161 Mass. 583 (1894), Illingsworth v. Boston Elec. Light Co.
|Citation:||161 Mass. 583, 37 N.E. 778|
|Opinion Judge:||FIELD, C.J.|
|Party Name:||ILLINGSWORTH v. BOSTON ELECTRIC LIGHT CO.|
|Attorney:||Salem D. Charles, for plaintiff. H.N. Sheldon and Charles A. Snow, for defendant.|
|Case Date:||June 22, 1894|
|Court:||Supreme Judicial Court of Massachusetts|
[37 N.E. 778] It was in evidence that on or about the 11th day of May, A.D.1891, the defendant was a corporation doing business in the city of Boston. Its business was that of furnishing electricity over wires for the purposes of electric lighting and motive power in buildings. On said date the wires of the defendant, charged with electricity, were strung over the building numbered 114 Sudbury street, Boston, and were fastened upon the arms of an upright frame structure about 20 feet above the roof of said building. Said frame and arms were the property of the defendant. The building was owned by Arioch Wentworth, but the plaintiff did not then know who owned it. Upon another arm fastened on said upright frame, and above the defendant's wires, were the wires of the fire alarm of the city of Boston. Other wires, of another corporation, were below defendant's wires. The plaintiff was in the employ of the city of Boston, as a lineman in the fire-alarm department, and ascended said frame, through the wires of the defendant, to the wires of said city, and had been engaged a part of said day in removing the wires of said city from the arm on said frame. [37 N.E. 779] When descending through the wires of the defendant, the plaintiff's pliers, which were in his belt, caught on one of the electric light wires. The plaintiff reached round with one hand to clear the pliers, and testified that he must have made a contact, somewhere or other, whereby he received a shock of electricity from one of the electric light wires.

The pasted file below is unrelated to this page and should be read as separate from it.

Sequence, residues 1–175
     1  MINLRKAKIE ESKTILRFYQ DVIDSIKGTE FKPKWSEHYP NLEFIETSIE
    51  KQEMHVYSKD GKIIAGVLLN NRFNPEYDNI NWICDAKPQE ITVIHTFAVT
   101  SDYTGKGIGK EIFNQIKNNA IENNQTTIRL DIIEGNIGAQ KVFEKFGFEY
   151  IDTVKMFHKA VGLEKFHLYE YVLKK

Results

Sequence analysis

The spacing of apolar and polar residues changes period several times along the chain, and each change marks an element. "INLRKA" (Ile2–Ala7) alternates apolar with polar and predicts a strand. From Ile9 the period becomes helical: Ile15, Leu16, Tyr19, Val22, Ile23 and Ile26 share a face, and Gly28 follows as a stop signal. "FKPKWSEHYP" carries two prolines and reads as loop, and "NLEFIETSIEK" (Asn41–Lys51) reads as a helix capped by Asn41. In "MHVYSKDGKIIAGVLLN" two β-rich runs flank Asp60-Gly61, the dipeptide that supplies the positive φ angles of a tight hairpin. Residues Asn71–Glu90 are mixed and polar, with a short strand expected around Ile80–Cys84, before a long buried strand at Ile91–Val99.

The exceptions recite that the court ruled that there was no evidence for the jury, and ordered a verdict for the defendant. The questions argued relate to the liability of the defendant on the evidence, under Pub.St. c. 109, § 12, and St.1883, c. 221; under St.1890, c. 404, § 1; and at common law. There is no evidence of any liability under Pub.St. c. 109, § 12, and St.1883, c. 221. Hector v. Electric Light Co., 37 N.E. 773. We have no occasion to consider whether it was the intention of St.1890, c. 404, to give a private person a cause of action for any violation of the...
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